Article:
• NicoleT

    Thank you so much for this post! It was so beautiful and, at least to me, a bit heart wrenching. It’s never easy digging into the past and laying ground for the future, especially when you’re just starting and there seems to be so much to go through. Also, I think that quote is incredibly lovely and whimsical; I definitely teared up while reading it. I wish you the very best of luck.

  • Ijumaa Jordan

    Rachel, I always love when you post. This entry has really touch the emotional places inside that I know about but I have never put words to. The last paragraph shakes my brain and I need more time to reflect on it and figure out what actions I want to take. I deeply appreciate you writing this.

  • http://www.marbleryephotography.com/ Melissa

    Rachel, I love this. I am similarly skipping a list of resolutions and focusing instead on building. But I realize from this that rooting – digging deep and digging up – is a necessary first step.

    After a year of wandering and homebase-lessness, I find myself staring at 2014 ready to dig deep, dig up, plant in and grow.

    • http://brokensaucer.blogspot.com/ sera

      Ooh. Building is a great word!

  • elle

    Rachel, this year I’m rooting for you.

    • http://www.thehousealwayswinsblog.com/ Rachel Wilkerson

      <3

  • MC

    Thank you for putting into words something that I’ve felt but haven’t known how to describe – the strangeness of starting a new family when I haven’t really come to terms with the drama & trauma in my family of origin. It’s definitely something I need to work on in the next few months leading up to the wedding, and something I have not been looking forward to one. bit. This was a good reminder of how crucial that work is.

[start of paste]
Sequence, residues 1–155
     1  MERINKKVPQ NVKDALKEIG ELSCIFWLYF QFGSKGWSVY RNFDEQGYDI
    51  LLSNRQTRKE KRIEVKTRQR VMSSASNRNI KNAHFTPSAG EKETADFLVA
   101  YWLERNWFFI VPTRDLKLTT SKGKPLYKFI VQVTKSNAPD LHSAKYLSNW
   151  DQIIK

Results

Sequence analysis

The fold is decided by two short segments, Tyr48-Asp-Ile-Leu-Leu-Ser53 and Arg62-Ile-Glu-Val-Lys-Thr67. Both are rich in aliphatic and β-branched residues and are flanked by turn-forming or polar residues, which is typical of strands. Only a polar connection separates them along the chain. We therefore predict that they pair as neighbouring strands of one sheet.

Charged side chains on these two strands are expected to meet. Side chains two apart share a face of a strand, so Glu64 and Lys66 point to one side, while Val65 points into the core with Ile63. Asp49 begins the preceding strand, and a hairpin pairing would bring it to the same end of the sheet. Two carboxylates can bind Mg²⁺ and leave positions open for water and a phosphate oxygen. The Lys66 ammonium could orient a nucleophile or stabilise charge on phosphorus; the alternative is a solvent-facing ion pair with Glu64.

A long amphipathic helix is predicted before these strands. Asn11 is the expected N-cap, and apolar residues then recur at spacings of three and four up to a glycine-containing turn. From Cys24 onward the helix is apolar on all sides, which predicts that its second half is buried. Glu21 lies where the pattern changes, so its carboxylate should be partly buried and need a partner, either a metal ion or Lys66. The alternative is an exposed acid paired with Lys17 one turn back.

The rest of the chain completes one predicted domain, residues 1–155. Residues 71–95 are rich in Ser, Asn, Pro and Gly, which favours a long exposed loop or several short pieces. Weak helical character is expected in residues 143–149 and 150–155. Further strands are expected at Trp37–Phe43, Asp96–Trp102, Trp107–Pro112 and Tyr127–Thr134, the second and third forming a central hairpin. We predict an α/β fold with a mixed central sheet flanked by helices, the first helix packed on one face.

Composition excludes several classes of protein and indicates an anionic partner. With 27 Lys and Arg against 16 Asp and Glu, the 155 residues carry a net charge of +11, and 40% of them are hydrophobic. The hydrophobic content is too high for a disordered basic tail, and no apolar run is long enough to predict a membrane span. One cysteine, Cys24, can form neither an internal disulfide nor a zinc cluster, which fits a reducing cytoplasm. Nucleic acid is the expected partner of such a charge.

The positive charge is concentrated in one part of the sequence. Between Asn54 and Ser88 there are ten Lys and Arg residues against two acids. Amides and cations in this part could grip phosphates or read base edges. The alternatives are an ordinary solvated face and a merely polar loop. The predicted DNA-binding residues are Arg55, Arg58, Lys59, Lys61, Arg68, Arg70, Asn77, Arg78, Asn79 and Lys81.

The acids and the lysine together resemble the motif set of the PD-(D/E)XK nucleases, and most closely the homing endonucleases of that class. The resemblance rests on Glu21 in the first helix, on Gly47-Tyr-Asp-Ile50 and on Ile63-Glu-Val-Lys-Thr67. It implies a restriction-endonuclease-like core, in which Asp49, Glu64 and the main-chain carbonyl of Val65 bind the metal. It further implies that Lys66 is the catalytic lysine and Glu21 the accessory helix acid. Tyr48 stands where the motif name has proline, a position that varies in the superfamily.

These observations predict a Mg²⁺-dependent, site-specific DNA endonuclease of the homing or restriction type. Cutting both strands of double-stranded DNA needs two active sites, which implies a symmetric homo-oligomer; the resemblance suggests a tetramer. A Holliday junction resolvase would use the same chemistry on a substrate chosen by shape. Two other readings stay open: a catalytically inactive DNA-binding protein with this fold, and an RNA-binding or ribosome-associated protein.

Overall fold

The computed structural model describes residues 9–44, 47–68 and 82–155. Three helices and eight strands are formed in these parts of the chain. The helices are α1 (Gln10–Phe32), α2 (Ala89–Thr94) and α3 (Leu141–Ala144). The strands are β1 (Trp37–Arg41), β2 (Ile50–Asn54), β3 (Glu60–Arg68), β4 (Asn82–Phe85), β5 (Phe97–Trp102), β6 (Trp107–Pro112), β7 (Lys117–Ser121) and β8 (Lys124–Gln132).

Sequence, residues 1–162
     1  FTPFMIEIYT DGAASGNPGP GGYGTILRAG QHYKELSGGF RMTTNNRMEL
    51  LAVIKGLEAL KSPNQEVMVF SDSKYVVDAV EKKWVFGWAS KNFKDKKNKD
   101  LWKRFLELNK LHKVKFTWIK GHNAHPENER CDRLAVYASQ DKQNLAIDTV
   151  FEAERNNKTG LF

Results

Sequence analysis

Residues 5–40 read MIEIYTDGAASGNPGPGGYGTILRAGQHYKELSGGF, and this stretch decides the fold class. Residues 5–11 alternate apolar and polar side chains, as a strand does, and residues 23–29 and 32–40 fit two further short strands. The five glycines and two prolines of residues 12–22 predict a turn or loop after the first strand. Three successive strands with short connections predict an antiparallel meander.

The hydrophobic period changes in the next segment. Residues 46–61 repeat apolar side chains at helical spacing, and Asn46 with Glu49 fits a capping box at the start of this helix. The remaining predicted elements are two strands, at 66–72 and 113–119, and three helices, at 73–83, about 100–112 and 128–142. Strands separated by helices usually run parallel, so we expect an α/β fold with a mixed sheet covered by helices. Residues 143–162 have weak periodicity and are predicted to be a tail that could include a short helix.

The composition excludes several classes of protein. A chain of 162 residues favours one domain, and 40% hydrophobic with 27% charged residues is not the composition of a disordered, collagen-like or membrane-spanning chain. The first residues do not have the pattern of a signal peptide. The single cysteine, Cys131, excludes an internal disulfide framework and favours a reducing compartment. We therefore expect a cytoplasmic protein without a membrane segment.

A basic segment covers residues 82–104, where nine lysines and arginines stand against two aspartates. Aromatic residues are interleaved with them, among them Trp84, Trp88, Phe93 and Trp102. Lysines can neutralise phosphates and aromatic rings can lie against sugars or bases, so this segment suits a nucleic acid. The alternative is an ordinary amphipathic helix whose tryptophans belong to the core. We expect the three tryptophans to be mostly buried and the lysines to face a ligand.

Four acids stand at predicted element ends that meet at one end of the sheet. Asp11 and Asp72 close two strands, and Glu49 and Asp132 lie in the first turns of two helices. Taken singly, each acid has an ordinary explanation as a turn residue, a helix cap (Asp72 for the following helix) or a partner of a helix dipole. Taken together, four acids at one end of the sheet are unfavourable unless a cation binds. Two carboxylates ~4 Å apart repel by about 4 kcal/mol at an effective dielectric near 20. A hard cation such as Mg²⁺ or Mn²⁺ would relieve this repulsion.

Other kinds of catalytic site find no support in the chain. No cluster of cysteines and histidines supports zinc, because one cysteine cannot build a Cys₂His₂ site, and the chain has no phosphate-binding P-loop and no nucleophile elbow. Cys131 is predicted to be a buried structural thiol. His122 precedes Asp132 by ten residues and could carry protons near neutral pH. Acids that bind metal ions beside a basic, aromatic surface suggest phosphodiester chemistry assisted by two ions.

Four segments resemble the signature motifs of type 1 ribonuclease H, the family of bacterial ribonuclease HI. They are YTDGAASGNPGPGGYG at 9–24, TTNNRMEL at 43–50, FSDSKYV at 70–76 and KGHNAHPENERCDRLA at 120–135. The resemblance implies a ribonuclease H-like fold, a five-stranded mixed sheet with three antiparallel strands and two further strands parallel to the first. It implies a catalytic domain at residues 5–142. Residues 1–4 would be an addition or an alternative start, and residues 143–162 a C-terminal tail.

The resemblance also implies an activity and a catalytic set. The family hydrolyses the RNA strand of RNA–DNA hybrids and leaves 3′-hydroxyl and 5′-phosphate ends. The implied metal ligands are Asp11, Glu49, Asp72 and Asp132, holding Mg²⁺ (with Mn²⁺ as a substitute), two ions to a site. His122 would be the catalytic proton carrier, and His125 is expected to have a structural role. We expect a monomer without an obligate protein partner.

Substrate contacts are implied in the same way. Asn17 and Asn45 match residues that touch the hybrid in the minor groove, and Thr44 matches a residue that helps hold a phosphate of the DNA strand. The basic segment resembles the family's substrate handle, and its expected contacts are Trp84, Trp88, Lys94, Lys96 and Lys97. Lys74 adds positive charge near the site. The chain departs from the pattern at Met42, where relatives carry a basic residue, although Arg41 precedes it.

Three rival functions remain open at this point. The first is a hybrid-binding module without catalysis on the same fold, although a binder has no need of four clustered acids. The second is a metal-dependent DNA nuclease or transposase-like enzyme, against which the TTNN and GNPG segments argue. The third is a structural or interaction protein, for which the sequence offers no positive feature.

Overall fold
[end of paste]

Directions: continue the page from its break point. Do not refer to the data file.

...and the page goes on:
• http://www.thehousealwayswinsblog.com/ Rachel Wilkerson

      I’m honestly not really looking forward to it either, ha. Good luck with yours, we can do this!

  • Harper

    Rachel, thank you for this fantastic post! It’s hard to work through the hard stuff and that is what I’m focusing on this year. The word I chose was “confidence” – although it’s not a verb, it is something I need to be more mindful of and is easily turned into action. If I decide to be more confident my partner will follow through, I will be more kind. If I’m confident in my writing abilities, I’m more likely to write. If I’m confident in myself, in who I am, I’m less anxious. In some ways, it’s similar to positive thinking, but this forces me to take action in ways that thinking positive thoughts doesn’t necessarily do. As someone who struggles with anxiety, this is a challenge for me but in a new year, facing what is personally challenging yet simultaneously rewarding is important. So, TL;DR thank you for speaking to “digging into” – I think it’s something we could all get better at : ]

  • Emily from Oz

    Oh how different the meanings of word are between English speaking cultures. In Australian slang, ‘root’ is a coarse ‘to have sex with’. So I hope you get a lot of that in 2014 too.

  • http://christinehennessey.blogspot.com/ TheNewChrissy

    I already said this on Twitter, but I love the word root, and I love even more how you’re interpreting and embracing it. Best of luck in 2014! I have a feeling you’ll get the work done. ;)

  • http://www.sophiaspockets.wordpress.com/ AutumnE

    What a beautiful post and what a great new year’s idea. I may have to steal this for myself. As for being rooted, I may take that idea over to my website (www.sophiaspockets.wrodpress.com) for one of our monthly themes. Want to write post for us if we do?

  • http://heartsvsbrains.tumblr.com/ HeartvsBrain

    Rachel, I hope that any reservations or anxiety you feel from sharing your very personal thoughts and experiences regarding your race with a mostly-white audience is also counter balanced by the self pride for doing so as well. As one of those white ladies, I have to believe it must take some courage on your part to put yourself out there when talking about such a volatile subject to people who for the most part, you don’t know.